The visceral scream of a child in major pain is indescribable. We recognize it, even if we haven't heard it before.
I first heard it when my oldest son was five. We were moving, and I was packing up the kitchen. He went outside to play. And then, there was this train whistle of sound as he ran for me, his right arm now W shaped. He had fallen out of a tree, breaking his arm and dislocating the elbow. I was pretty calm. I called the emergency room and told them we would need an orthopedist. I called his dad, in a meeting, asking him to meet us. This was before cell phones, and all calls were long-distance. I mention this because I never dropped a digit.
While we waited for the orthopedist, who of course wasn't contacted till we arrived, I remember my son whispering, " I didn't know my body could break."
But it did, and he recovered.
Yesterday, I picked my granddaughter up from school. She turned nine on Sunday, got a near-perfect report card on Friday (one 88), had her snack, and finished her homework. She said she was going outside, and went out the back door. I didn't worry. There's a tree there she has been climbing all year.
I was going through her binder, checking for news and any other assignments that might be coming up. But the tree had a dead branch and it broke. She fell about eight feet on her back before her head hit the dry, clay soil lawn.
I heard the screams. I didn't recognize them at first. She rushed in, tear-streaked, clutching her head.I checked for blood. None. Checked for broken. None. Pulled her into my lap, holding her tight. She clutched her head. She couldn't tell me what hurt, or where. Except her head, all over. So much pain scared her. It scared me, too.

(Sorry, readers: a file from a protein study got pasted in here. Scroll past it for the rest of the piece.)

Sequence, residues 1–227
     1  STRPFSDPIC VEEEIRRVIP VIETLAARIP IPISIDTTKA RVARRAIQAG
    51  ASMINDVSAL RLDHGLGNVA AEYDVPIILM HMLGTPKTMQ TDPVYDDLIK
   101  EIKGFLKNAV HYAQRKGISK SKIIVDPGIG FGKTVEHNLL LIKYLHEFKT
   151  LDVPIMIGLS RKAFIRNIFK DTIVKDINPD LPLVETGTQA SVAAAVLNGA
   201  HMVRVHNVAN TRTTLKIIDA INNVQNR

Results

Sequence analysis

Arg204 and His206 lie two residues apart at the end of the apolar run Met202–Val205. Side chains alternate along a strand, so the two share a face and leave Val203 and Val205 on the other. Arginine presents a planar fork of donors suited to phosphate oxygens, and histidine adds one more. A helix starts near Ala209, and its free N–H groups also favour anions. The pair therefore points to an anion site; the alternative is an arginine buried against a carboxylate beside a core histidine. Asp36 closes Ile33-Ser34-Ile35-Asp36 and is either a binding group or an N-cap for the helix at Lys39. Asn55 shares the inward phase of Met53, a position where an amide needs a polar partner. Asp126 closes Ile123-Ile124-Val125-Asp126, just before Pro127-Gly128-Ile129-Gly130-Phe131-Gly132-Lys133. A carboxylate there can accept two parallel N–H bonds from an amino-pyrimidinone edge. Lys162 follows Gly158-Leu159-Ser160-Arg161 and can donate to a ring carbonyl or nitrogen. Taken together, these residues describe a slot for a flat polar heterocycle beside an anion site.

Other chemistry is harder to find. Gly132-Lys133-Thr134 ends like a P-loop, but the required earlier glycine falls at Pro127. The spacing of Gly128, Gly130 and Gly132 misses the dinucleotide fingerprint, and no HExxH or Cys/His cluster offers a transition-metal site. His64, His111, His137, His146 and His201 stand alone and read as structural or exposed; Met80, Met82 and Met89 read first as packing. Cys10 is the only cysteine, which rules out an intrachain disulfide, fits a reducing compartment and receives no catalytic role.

Later, as the pain in her head subsided, she realized her back hurt, too. I had her take off her shirt and found a scrape on her shoulder. No ribs, no vertabrae, seemed to hurt. Then I called her dad, who was on duty. I put her on the couch, got her some juice, put cartoons on and went outside, where I found the broken branch and realized the fall was only eight feet or so, not higher as I had feared.
Her dad, when he checked her out, found her eye movement jerky, her balance unsteady. She suddenly said she might need to throw up. She didn't, but he called her mother at work, called the doctor, who has started some evening appointments, and coordinated wife, child and his mother meeting at the doctor's office.
I couldn't believe how much better she was an hour later. Her eyes tracked. Her balance was good. Left knee reflex? Not so great, but the rest was good. No diagnosis of concussion. Free to go to school. No restrictions on play. Well, I have some. I'll be discreet. At least, now the trees have leafed out, she will notice the dead branches.
Both of us had a shock, and we need time to recover. Just because it turned out well doesn't mean there wasn't pain and a crisis. She had a lot of pain, We were both very afraid, if only for a short while. So, we will be gentle with ourselves for a day or two.
That's really okay.